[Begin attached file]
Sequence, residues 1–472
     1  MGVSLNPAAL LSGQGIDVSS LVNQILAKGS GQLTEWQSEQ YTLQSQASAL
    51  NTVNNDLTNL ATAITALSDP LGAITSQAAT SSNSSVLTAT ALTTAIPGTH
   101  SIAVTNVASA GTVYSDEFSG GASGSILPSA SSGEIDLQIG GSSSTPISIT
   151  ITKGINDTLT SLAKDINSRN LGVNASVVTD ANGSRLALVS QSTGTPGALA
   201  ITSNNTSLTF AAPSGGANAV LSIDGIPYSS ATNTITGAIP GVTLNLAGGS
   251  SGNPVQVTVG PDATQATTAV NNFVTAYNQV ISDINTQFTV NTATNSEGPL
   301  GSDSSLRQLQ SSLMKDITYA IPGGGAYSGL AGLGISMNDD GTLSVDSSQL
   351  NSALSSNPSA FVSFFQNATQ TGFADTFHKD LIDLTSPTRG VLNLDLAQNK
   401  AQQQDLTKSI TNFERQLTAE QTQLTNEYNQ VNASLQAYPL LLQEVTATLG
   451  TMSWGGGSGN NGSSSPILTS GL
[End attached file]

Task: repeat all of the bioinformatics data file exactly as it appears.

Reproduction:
Sequence, residues 1–472
     1  MGVSLNPAAL LSGQGIDVSS LVNQILAKGS GQLTEWQSEQ YTLQSQASAL
    51  NTVNNDLTNL ATAITALSDP LGAITSQAAT SSNSSVLTAT ALTTAIPGTH
   101  SIAVTNVASA GTVYSDEFSG GASGSILPSA SSGEIDLQIG GSSSTPISIT
   151  ITKGINDTLT SLAKDINSRN LGVNASVVTD ANGSRLALVS QSTGTPGALA
   201  ITSNNTSLTF AAPSGGANAV LSIDGIPYSS ATNTITGAIP GVTLNLAGGS
   251  SGNPVQVTVG PDATQATTAV NNFVTAYNQV ISDINTQFTV NTATNSEGPL
   301  GSDSSLRQLQ SSLMKDITYA IPGGGAYSGL AGLGISMNDD GTLSVDSSQL
   351  NSALSSNPSA FVSFFQNATQ TGFADTFHKD LIDLTSPTRG VLNLDLAQNK
   401  AQQQDLTKSI TNFERQLTAE QTQLTNEYNQ VNASLQAYPL LLQEVTATLG
   451  TMSWGGGSGN NGSSSPILTS GL